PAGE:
Adam Pierce was born in 1721 in Exeter, Devon, England to parents Samuel Pierce (1696-1765) and Elizabeth Guswell (1699-1739).
Adam was one of 15 children born to Samuel Pierce who married twice – firstly to Adam’s mother Elizabeth Guswell (9 children), and then again to Mary Foster with whom he had another six children.
Samuel was a merchant and Sheriff of the city of Exeter in 1757.
Adam was baptised on 31 January 1722 at Holy Trinity, Exeter, Devon.
Adam had a younger brother born the previous year baptised on 3 October 1721 and who was buried on 27 November 1722.
Adam was a gentleman and merchant in the woollen trade in Exeter, like his father.
At the age of 26 years, Adam Pierce married into the very wealthy, aristocratic Kendall family. On the 16th September 1747 he married Elizabeth Kendall at the parish of Lezant in nearby Cornwall. (last entry below)
Elizabeth was born in 1725 in Exeter to parents Rev Charles Kendall and Elizabeth Northmore. She was baptised on 30 September 1725 at St Stephens, Exeter, Devon, one of six children.
A few years after his marriage on 12 February 1753 Adam Pierce was admitted as a Freeman of Exeter, by succession (by his father Samuel). His father’s occupation was described as a gentleman fuller. A fuller cleanses wool so it assume that Adam and his father Samuel were involved in the lucrative woollen trade.
Exeter’s woollen cloth trade generated great wealth and prestige for the city, its merchants, and the Guild. Trade output was at its highest during this time – exporting to countries such as Spain, Portugal, France and the Netherlands. From 1700 a quarter of all English cloth traded in Exeter.
Adam was elected to the position of Swordbearer for the city of Exeter on 3 Nov 1760. A swordbearer at this time was defined as a British civic official who carries a sword before a municipal officer on ceremonial occasions.
The more important mayors were treated with great respect, and processed publicly with attendants such as a sword-bearer or mace-bearer; from the 15th cent. those of London and York came to be called lord mayor.
Adam had married well, and Elizabeth Kendall bore him 8 children –
- Elizabeth Kendall Pierce b 1748 & d 1807* Exeter. Will 1807 estate bequeathed to brothers Charles and Samuel, and sisters Charlotte and Mary Pierce.
- Mary Ann b & d 1749 Exeter
- Adam b 1750 & d 1794* Exeter. Will.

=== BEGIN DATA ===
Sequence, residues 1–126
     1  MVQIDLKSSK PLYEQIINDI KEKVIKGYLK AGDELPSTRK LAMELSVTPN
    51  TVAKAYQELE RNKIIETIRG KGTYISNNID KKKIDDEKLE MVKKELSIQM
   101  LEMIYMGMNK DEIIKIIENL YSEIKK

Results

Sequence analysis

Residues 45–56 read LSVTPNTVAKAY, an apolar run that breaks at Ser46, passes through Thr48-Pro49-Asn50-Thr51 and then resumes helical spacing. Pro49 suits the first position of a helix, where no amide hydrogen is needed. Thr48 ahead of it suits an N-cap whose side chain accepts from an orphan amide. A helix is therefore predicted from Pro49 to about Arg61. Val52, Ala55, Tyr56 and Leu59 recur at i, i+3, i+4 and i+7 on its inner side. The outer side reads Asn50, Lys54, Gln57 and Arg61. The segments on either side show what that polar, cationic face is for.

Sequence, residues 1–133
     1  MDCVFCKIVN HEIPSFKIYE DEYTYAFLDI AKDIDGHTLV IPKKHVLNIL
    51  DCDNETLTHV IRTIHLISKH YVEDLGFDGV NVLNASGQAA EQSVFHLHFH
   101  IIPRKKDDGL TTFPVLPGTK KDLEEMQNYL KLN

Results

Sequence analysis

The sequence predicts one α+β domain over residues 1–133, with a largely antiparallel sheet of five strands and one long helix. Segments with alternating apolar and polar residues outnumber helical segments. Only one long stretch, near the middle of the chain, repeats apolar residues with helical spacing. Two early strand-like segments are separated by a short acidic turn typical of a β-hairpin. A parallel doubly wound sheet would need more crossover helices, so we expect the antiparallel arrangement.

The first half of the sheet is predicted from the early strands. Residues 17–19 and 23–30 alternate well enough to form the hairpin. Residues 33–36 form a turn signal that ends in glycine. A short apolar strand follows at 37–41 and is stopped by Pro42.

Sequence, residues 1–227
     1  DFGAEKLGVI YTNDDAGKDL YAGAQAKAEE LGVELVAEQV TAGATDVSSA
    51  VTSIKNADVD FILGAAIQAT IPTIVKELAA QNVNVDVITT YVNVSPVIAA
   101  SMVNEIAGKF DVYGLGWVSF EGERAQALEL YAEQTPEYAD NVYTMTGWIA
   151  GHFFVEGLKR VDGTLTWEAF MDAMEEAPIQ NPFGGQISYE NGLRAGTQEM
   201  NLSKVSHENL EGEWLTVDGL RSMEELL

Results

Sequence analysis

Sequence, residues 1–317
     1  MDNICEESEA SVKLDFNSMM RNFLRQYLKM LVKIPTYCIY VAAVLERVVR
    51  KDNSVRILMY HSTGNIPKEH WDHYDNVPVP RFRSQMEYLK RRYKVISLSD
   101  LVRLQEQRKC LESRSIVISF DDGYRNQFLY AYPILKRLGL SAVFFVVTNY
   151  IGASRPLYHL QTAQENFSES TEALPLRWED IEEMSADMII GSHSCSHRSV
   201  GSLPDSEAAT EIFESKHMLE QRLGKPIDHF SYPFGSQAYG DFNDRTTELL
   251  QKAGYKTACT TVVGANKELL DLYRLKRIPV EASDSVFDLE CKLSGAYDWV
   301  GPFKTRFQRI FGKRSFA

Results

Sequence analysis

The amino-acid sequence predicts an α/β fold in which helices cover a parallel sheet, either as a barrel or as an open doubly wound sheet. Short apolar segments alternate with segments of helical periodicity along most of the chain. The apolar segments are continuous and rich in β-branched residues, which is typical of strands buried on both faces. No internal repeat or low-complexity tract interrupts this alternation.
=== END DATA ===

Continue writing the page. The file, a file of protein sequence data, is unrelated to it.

- Charles b 1752 Exeter d 1823* Heavitree. Illeg. child by Martha Taylor, marr Arabella Neale. Merchant of Exeter. Will 1823. Estate to 3 siblings, son in law and four grandchildren.
- Charlotte b 1754 Exeter d 1836 Ipplepen. Not married. Will estate to cousins.
- Mary b 1756 & d 1824* Exeter. Not married. Obituary. Will.
- Samuel b 1758 d 1827* East Teignmouth. Married Mary Ann Walkey in 1799. Will. Plaque also in Teignmouth church. No children.
- John Pierce b 1758 d 1759
*buried in the family vault in the church of the Holy Trinity, Exeter.
In 1785 Adam was mentioned in a property document, called a Lease & Release, in Exeter, parish of Holy Trinity – Adam Pierce of Exeter, gent and Thomas Kennaway, merchant – Premises: drying linhay with three rooms above, Holy Trinity, Exeter. Consideration: £375. (Devon Heritage Centre). It seems both their father’s had the same agreement in 1731 (see his father Samuel’s bio).
In 1794 Adam Pierce appears in a property document called a Land Deputation registered by the Clerk of the Peace of Cornwall dated 6 June 1794 and held in the Cornwall Record Office. Note it mentions his children Elizabeth (spinster), Charles (merchant), Charlotte (spinster), Mary (spinster), and Samuel (gent).
Adam’s wife Elizabeth nee Kendall died on 17th April 1760 aged just 35 leaving behind six young children, the youngest just two years old. A plaque in the church of the Holy Trinity states she was the co-heiress of Charles Kendall of Landew in the county of Cornwall.
Elizabeth’s will in 1760 states she is the wife of Adam Pierce of the city of Exeter, gentleman and was in good health of body and of a sound mind, memory and understanding. She made the will on 10 August 1749 two years after her marriage to Adam. It is a very complicated will (available on Ancestry).
It is unknown if Adam married again, but it is likely given he had a large brood of young children to care for.
Adam Pierce lived for another 34 years and died aged 73 on 5 August 1794 in Exeter, and was buried in the family vault with his siblings and parents in the church of the Holy Trinity, Exeter on 7 August 1794.
Holy Trinity church, Exeter –
“Holy Trinity Church, in South street, adjoining the site of the South gate, was rebuilt in 1820, at the cost of £7295. It is a spacious Gothic fabric, with a turret containing a clock and bell. The body is separated from the entrance by a neat screen, and contains several handsome monuments. It has about 1000 sittings, of which nearly 100 are free. The rectory, valued in K.B. at £11. 6s. 4d., and in 1831 at £177, is in the gift of the Dean and Chapter, and is now enjoyed by the Rev. G.H.O. Shield, M.A.” [From White’s Devonshire Directory (1850)]